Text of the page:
Lamont Butler’s dagger as the buzzer sounded in Houston was a coup de grâce to Florida Atlantic’s storybook season. From being picked fifth in the preseason conference tournament to blitzing through their schedule, the Owls served wake-up calls to each and every one of their opponents en route to the Final Four.
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Unfortunately, Dusty May’s team got hit by the Sandman in the final 14 minutes of their national semifinal matchup against San Diego State, getting outscored 30-15, including Butler’s buzzer-beater. The loss was especially painful for FAU because the field had been cleared of top seeds and the storyline felt like something stolen out of a Ted Lasso script.
May had a Ted Lasso quality to him. Maybe it’s a consequence of being a student manager witnessing the demise of Bobby Knight firsthand, but May’s coaching demeanor was a complete 180 from the cranky old coot who retired as the winningest coach in men’s college basketball history. In the real world though, May doesn’t rely on his assistants to cover up for his incompetence.
Even after the loss, May was lamenting the loss of senior Michael Forrest and dispensing saccharine coach-ism sentiments you’d find at the end of a sitcom.
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“In this era, it’s tough to find great teammates and we have a locker room full of them,” May told Jeff Goodman of Stadium.
TV studio audience: “aaaaawwww….. (applause)
Like his fictional AFC Richmond counterpart, May did look abroad — for the foundation of his coaching philosophy. He’s spoken at length this season about how his offense derived from the Euro-ball that emphasized ball movement, player movement, and an egalitarian share of the scoring load. It’s rare to see one ball handler or scorer dominate FAU’s possessions.
As great of a story as San Diego State is, it’s not as juicy because they’ve lost their mid-major aura. They’ve been to the tournament over a dozen times by now and the Aztecs should be receiving a Pac-12 invitation any moment now.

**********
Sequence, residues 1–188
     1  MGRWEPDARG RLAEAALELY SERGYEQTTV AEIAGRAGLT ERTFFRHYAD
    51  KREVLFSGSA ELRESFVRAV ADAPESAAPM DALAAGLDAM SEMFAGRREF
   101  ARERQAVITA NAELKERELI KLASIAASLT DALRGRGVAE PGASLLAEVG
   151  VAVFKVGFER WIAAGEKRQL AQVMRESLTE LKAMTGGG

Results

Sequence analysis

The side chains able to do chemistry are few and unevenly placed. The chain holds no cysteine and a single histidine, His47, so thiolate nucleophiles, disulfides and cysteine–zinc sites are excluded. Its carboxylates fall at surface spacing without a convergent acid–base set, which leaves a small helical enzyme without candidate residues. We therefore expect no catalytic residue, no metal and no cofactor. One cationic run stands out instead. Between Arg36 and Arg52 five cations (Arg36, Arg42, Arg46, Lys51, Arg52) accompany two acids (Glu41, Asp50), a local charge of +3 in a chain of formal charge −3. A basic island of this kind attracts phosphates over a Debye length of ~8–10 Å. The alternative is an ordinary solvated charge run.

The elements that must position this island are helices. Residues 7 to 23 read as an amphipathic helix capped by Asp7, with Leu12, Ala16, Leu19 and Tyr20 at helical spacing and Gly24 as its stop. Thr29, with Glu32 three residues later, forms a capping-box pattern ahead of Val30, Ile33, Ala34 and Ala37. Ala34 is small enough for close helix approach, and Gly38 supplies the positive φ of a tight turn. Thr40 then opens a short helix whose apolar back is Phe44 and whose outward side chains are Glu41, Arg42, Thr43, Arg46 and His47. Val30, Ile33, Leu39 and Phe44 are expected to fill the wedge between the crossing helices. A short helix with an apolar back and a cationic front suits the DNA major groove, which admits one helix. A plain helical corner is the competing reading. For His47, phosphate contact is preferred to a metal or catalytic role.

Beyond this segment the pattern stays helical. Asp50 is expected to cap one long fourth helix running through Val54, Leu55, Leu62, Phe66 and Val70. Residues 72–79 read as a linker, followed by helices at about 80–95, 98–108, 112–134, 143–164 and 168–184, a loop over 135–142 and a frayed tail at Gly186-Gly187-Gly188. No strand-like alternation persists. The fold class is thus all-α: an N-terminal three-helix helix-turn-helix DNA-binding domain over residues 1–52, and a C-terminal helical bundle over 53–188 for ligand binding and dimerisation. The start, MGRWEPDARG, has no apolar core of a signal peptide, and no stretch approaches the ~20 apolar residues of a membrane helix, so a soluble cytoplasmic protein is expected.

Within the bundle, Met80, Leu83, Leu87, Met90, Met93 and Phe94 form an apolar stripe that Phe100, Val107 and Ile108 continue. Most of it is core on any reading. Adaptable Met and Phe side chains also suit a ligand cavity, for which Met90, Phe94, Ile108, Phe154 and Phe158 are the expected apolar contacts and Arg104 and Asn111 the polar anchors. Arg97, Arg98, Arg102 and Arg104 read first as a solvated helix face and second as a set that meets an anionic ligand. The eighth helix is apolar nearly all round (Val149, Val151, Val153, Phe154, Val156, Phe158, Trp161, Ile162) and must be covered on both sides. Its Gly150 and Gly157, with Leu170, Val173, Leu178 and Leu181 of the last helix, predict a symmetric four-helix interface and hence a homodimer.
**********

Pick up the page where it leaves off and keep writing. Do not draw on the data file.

The Final Four doesn’t have to be the series finale for FAU’s limited-run series. So what will it take to bring the Owls show back for a season two run to the Final Four?
They’ve got all the ingredients, including a cohesive ensemble cast returning. Most modern programs are an anthology of disconnected teams, trotting out completely new rosters for every new chapter. FAU’s entire rotation has eligibility remaining in 2023. If they could storm through their schedule and into the NCAA Tournament as the strongest mid-major in the country, there’s nothing stopping them from making a repeat run using Saturday’s loss as motivation.
FAU wasn’t a Saint Peter’s type one-year wonder. They were an undersold 9-seed, who should have been higher. Before the tournament, they were still considered the top mid-major in the field of 68 according to Pivot Analysis, were ranked in the AP Poll’s final top 25, and are a top-20 team according to KenPom’s adjusted offense and defensive system. If May had left for greener pastures, you can rest assured that Johnell Davis and 7-footer Vladimir Goldin would be coming with him.
May’s coaching style might lean into mawkishness, but it molded FAU into a team with arguably the best on-court chemistry in college basketball. Not bad for a program that was playing in its first NCAA Tournament ever.
They always found the open man, the rock never stopped and their high IQ off-ball movements slid them into opportune scoring positions. Down the stretch though, college basketball’s AFC Richmond needed a Zava, a playmaking virtuoso who could hotwire the offense when they snapped into a funk. UConn has a few of those offensive cheat codes that can break out and end a dry spell. San Diego State’s defense was their trump card.
However, not a single player from FAU will be drafted in the first round of the next NBA Draft. Their whole is greater than the sum of their parts. Perhaps they even look into the transfer portal for an upgrade or to replace Forrest. Some grad transfer has to be enticed by the prospect of playing on that Boca Raton campus for a year and FAU’s NIL collective raked in the dough they previously lacked. They’ll also be able to guarantee exposure under a more conspicuous spotlight than the one they operated under the radar in this season.
Or they’ll run it back with the same group and their incoming freshman class. A dozen years ago, Brad Stevens and Butler made a repeat trip to the Final Four and even advanced to the national championship game the year after Gordon Hayward was drafted.
A year after 9-seed Wichita State got a sniff of the Final Four, they embarked on an undefeated regular season demolition tour. The throughline between FAU, Wichita State, and Butler are their experienced rosters developing an addiction to trouncing foes and retaining the coach who instilled that winning culture. May appears to be on board for another run after declining to hop into the coaching carousel. That may not be the case in 2024 if the Florida or Florida State jobs re-opens. Of course, he won’t remain a hot name forever in coaching circles if FAU stumbles early next season. This year wasn’t Florida Atlantic’s time and May’s professional ascension is only just beginning, but this may not be the last time we see them on the Final Four stage.
Follow DJ Dunson on Twitter: @cerebralsportex
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